Time has a column this week (7/1/13) from Jon Meacham looking at (gulp) possible 2016 election scenarios. The column entertains the possibility that former Florida governor Jeb Bush might run–which Meacham seems pretty excited about. As he explains, the Bush family is something to behold:
Jeb long ago internalized and then lived out his family's guiding precepts. Bushes move to new parts of the country; they work hard; they learn from their mistakes, particularly from failed campaigns; and they never, ever give up.
Well they sure sound like interesting people. I would be curious to hear more about what George W. Bush has learned from his "mistakes." In 2004 he was asked at a press conference if he'd made any and couldn't think of one. ("'I wish you'd have given me this written question ahead of time so I could plan for it,' Bush joked before taking a long pause"– Reuters, 4/14/04.)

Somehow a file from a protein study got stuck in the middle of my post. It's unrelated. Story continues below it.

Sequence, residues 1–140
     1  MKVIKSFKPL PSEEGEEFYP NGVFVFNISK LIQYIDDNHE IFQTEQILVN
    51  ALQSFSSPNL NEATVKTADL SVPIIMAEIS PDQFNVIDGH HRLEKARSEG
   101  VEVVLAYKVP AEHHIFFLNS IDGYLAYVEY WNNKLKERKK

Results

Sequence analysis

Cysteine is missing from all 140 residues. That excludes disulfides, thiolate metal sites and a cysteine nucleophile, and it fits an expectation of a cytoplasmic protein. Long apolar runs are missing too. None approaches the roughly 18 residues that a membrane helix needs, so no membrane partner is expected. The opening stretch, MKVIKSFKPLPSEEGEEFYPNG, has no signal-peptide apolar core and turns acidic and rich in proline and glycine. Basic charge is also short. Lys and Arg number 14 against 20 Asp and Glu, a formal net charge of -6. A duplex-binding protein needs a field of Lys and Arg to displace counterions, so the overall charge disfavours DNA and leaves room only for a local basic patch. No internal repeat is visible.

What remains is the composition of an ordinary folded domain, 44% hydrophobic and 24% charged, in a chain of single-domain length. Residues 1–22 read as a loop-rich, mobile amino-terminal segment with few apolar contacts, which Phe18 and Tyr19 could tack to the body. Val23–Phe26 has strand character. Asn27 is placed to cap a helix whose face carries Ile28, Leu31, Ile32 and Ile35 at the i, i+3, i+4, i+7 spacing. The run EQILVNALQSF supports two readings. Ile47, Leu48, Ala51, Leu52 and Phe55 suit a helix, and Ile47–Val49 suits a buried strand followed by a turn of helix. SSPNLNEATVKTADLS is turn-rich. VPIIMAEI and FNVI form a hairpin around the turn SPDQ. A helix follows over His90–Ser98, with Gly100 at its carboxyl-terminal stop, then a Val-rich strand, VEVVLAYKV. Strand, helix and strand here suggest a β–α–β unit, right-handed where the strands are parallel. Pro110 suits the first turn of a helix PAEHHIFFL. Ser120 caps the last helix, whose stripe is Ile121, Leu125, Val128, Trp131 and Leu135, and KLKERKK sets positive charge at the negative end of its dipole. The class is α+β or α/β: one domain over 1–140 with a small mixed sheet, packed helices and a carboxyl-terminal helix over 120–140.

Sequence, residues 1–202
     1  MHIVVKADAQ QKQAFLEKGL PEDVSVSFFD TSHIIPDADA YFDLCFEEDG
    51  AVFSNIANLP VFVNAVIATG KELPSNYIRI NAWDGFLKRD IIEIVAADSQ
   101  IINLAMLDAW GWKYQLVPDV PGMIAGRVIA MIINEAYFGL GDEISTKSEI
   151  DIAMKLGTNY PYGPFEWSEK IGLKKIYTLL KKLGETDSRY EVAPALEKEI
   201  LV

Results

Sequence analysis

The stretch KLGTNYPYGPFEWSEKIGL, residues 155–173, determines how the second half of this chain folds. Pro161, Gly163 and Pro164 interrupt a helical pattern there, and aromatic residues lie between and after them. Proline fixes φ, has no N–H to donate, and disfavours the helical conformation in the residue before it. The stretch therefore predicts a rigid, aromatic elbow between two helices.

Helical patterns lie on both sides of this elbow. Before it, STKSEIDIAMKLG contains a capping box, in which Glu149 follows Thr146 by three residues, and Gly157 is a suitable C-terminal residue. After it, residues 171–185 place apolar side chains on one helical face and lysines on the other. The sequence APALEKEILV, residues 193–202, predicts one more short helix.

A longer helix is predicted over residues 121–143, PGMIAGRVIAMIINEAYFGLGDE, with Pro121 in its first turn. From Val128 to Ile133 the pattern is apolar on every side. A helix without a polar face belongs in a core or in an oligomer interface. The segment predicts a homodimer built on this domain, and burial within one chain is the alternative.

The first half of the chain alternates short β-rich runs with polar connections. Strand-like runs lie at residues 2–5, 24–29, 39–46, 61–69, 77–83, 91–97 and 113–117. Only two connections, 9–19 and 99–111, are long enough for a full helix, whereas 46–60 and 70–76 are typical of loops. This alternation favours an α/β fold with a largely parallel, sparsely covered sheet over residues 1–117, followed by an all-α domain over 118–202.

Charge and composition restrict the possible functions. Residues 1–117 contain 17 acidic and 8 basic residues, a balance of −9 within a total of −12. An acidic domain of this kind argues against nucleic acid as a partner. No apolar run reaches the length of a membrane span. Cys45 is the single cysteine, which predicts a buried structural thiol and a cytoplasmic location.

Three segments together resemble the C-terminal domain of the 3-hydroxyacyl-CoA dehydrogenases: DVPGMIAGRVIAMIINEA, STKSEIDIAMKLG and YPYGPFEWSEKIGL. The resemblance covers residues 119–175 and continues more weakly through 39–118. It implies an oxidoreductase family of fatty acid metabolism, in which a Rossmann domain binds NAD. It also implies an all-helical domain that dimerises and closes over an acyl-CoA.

But it's not just Meacham who thinks the Bushes are pretty great; that's apparently the judgment of the American public too:
Those who think "Bush fatigue" is pre-emptively fatal to Jeb's chances may be underestimating the American affinity for brand names. The Bushes aren't kings; in managementspeak, they're a line of related products that most Americans recognize and have chosen on three (1988, 2000 and 2004) of the four occasions they've been on offer. Will we have a chance to buy another? George W., whose approval ratings are rising as the years pass, has said he'd like his brother to try for it.
Our feeling about the Bush "brand" notwithstanding, the American people actually did not choose George W. Bush in 2000–he lost the popular vote by a little over half a million votes. The Supreme Court chose George W. Bush as president. It was kind of a big deal at the time.